If you mix a little bit of Picnic At Hanging Rock with a little bit of The Devil's Doorway (with which this shares a couple of stars) then you may end up with Don't Leave Home, a horror film that only really falls down by taking a turn in the third act that won't satisfy those hoping for actual horror. It's a more contemplative, mysterious, experience, although still ultimately a good one.
Anna Margaret Hollyman plays an artist, Melanie Thomas, who is struggling to come up with the final touches on her latest exhibition. It's based on a number of children who have disappeared in Ireland, disappearances that have never been explained, and her centrepiece is a sculpture of an area that related to one such disappearance, an area in which a priest painted a little girl, the girl subsequently disappeared, and her likeness was also gone from the painting. Asked to visit Ireland by that very priest, although he no longer holds that position, Melanie takes the opportunity to get away from the stress for a while. She meets Alistair Burke (Lalor Roddy) and his housekeeper-come-assistant Shelly (Helena Bereen), and the quaint charm of the surroundings and solitude soon start to turn ominous and strange.
Written and directed by Michael Tully, Don't Leave Home is an impressively layered horror movie that would actually make a fine companion piece to the previously-mentioned The Devil's Doorway. But watch this one first, and leave the better film until last. Both films have a core idea revolving around children who have been "spirited away" by members of the Catholic church, and both films look at how people deal differently with deeds done that would leave many of us struggling to cope with the guilt.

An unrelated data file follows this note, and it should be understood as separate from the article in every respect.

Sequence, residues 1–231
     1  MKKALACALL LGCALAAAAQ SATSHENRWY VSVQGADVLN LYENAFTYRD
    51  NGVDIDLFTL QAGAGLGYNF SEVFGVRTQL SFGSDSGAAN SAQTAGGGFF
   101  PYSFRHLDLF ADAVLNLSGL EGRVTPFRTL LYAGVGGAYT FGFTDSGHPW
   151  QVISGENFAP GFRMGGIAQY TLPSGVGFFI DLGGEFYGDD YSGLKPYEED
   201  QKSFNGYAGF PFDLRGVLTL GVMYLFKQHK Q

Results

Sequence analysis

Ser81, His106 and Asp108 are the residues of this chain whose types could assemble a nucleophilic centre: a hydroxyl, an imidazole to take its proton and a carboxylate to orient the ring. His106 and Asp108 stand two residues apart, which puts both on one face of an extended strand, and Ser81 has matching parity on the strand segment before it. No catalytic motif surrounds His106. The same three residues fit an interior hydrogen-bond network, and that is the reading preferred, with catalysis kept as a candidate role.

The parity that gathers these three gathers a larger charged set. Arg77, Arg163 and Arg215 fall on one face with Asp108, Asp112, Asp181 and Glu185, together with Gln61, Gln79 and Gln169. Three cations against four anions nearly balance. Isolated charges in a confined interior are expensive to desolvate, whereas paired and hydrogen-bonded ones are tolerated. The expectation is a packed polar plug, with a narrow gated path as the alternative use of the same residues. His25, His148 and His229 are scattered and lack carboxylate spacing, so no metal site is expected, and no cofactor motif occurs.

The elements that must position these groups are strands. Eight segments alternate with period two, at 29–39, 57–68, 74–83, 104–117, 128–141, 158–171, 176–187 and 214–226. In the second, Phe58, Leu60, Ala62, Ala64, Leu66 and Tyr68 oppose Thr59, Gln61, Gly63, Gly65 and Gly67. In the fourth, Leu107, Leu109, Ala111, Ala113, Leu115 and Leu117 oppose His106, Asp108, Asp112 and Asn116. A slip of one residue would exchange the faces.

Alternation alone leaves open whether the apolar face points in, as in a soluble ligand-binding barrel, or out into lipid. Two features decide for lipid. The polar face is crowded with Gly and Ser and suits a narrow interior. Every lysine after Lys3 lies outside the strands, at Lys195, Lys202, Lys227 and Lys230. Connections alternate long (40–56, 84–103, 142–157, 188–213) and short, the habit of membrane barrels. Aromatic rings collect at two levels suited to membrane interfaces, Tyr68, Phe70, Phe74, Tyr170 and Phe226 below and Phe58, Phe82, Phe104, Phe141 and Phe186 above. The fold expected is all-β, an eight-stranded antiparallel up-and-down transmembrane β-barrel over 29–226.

Everything is helped by the consistently solid lead performances. Hollyman is a good lead to root for, an artist who has been inspired by strange events and then faces someone directly impacted by it. She seems contrite when meeting Burke, apologetic for any pain caused or any inference of blame being apportioned, which gives us enough reason to like her, even as we consider why she didn't give any thought to it sooner. Roddy gives the second great performance that I have seen from him in the past year, and I will happily watch any film that gives him a sizeable role. And then we have Bereen, who is given the more traditional "horror movie" moments, sweet and welcoming to the American guest while obviously hiding some kind of agenda.
The direction, at least for the first two thirds of the movie, is solid. This is a gentle film, a surprisingly moving one, but it also places some effective scares and moments of oddness throughout. Sadly, it all remains a bit too gentle when many viewers may expect it to find another gear.
I recommend this one, it will make you think and it has some lovely moments of atmosphere (as well as those great performances), but it's a shame that Tully didn't find a way to tell the tale in the way he wanted while also ratcheting up tension and dread in the third act.